WiK

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Thanks for all the info, but I think I have got my wife convinced to go to a DSLR, I am thinking a Nikon D90, 4.5 frames per second up to 100 frames. Now I just have to save up the money for it :(
If size and weight are a concern but you still want a DSLR, then it might be worth checking out the Canon EOS Rebel XS. While it's not in the same class as the D90, I believe its the smallest/lightest DSLR at the moment, and still does 3fps which is definitely good enough for rocket shots. Though obviously any sort of telephoto lens is gonna add weight and bulk to whatever camera you buy.
 
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jadebox

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Yes, those are great features, and you can't ask for a better super-high speed photography consumer-market camera than the Casio's, but remember, you ARE talking about a $1000 and $600 camera, respectively...
There are some other P&S cameras with that "pre-record" feature. But, I don't know which ones they are. I don't know what the feature is called on the other cameras, so it's hard to figure out what to search for to find them.

-- Roger
 

bguffer

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There are some other P&S cameras with that "pre-record" feature. But, I don't know which ones they are. I don't know what the feature is called on the other cameras, so it's hard to figure out what to search for to find them.

-- Roger
There are a couple Casios at $400 and $340 coming out this spring. They do 30 photos per second. They also do the 210, 420, 1000 frames per second slow motion video (though noone seems to know at what resolution). They are not superzoom.

I've seen a couple other brands introduce cameras with 30 photos per second within the last couple of week while browsing engadget
https://www.engadget.com/
They buffer the photos while the shutter button is pressed, as well.

The Latest News section of https://www.dpreview.com/ may be something to watch also.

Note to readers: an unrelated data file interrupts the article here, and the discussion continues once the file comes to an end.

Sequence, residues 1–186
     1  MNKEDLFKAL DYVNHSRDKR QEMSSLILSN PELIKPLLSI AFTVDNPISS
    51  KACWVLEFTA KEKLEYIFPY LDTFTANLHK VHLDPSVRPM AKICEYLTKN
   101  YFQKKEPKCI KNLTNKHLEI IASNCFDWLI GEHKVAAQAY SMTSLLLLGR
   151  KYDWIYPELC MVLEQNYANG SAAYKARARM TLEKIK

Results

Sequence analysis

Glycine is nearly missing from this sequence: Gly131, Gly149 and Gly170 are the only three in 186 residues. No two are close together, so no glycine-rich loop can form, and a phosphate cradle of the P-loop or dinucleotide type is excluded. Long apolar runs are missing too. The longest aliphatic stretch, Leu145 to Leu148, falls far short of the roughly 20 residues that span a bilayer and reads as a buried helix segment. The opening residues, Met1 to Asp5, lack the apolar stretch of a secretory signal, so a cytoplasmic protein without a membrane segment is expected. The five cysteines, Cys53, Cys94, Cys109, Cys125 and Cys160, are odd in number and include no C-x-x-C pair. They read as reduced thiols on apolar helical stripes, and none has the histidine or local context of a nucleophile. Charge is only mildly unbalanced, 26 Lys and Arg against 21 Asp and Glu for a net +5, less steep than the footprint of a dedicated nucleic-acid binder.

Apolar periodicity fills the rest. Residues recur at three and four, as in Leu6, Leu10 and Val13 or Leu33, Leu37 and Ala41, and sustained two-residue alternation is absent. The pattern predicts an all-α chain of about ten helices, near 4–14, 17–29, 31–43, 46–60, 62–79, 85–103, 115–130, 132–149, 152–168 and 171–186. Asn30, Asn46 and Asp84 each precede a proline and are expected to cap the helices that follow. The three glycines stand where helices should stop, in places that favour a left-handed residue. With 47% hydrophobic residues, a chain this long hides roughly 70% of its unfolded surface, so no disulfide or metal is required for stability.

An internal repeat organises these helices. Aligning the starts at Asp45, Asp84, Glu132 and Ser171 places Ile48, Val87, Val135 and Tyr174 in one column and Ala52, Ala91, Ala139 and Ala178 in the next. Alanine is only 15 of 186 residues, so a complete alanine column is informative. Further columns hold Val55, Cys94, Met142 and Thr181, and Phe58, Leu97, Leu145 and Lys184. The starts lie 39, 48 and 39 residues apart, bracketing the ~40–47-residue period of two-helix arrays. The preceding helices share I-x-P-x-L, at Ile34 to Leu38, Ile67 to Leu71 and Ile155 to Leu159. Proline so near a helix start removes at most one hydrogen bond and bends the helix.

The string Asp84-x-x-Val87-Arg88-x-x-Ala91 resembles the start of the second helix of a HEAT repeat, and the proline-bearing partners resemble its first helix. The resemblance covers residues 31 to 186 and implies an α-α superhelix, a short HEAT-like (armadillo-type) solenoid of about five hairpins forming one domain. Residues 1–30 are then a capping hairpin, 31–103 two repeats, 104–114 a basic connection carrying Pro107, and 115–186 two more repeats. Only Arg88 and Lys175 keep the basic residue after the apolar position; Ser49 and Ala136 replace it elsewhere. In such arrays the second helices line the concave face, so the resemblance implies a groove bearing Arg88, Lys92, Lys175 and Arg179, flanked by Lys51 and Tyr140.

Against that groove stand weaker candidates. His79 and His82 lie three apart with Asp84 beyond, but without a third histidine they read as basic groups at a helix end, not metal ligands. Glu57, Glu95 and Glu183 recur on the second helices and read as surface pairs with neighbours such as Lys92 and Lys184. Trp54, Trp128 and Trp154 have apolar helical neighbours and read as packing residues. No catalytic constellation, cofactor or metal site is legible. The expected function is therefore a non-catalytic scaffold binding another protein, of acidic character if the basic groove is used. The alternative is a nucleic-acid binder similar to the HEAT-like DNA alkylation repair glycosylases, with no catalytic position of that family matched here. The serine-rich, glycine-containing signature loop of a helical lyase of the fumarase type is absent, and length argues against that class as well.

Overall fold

If you can wait, just keep checking engadget until you see someone introduce what you want at the price you want. The feature of capturing a burst of photos seems to be catching on. I've also noticed that recording video in 720p is catching on as well.
 

caheaton2

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Sorry to revive an old thread (I was browsing this while contemplating the purchase of a camera to replace my old, faithful 35mm which recently quit working). One thought occurs to me...with the talk of cameras that offer burst modes of 13fps, etc., why not just put your camera into video mode? This will give you 30fps video (on most of them at least) at DVD or better resolution? I considered the Casio's for their super slow motion abilities, but they lack the photo quaility to use for other purposes. I've decided to go with the Kodak Z1012. It lacks in the burst area, but offers excellent optics, accurate color, good low light pictures (relatively low noise), wide shutter range, decent zoom ability (up to 10x optical), optical stabilization and good IQ (the ability of the auto mode to select the most optimal settings). In addition, it shoots decent HD video with decent audio. Not bad for a $240 camera. ;)

(My leading 2nd choice candidate is the Panasonic DMC FZ28. It costs a bit more then the Kodak, but is comparable in performance, offers 18x zoom and a 13fps burst rate.)
Craig
(It's good to be back! This is my first post to TRF version 2.0)
 
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jadebox

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One thought occurs to me...with the talk of cameras that offer burst modes of 13fps, etc., why not just put your camera into video mode? This will give you 30fps video (on most of them at least) at DVD or better resolution?
An HD video frame is equivalent to a 1MP or 2MP image. My Casio EX-F1 takes full 6MP photos at up to 60 frames per second.

In addition to the much higher resolution, in video mode the shutter speed is much slower so the image of a moving rocket will be blurry. This is a good thing for video, but a bad thing for a still image.

BTW: 13 fps should be fast enough for most rocket photography. Even though the EX-F1 can do 60 fps, I usually set it to 10 or 15 fps so I don't have as many images to sort through after the launch. If you hear the LCO announce a minumum diameter rocket being launched on an H999, however, you might want more frames-per-second. :)

-- Roger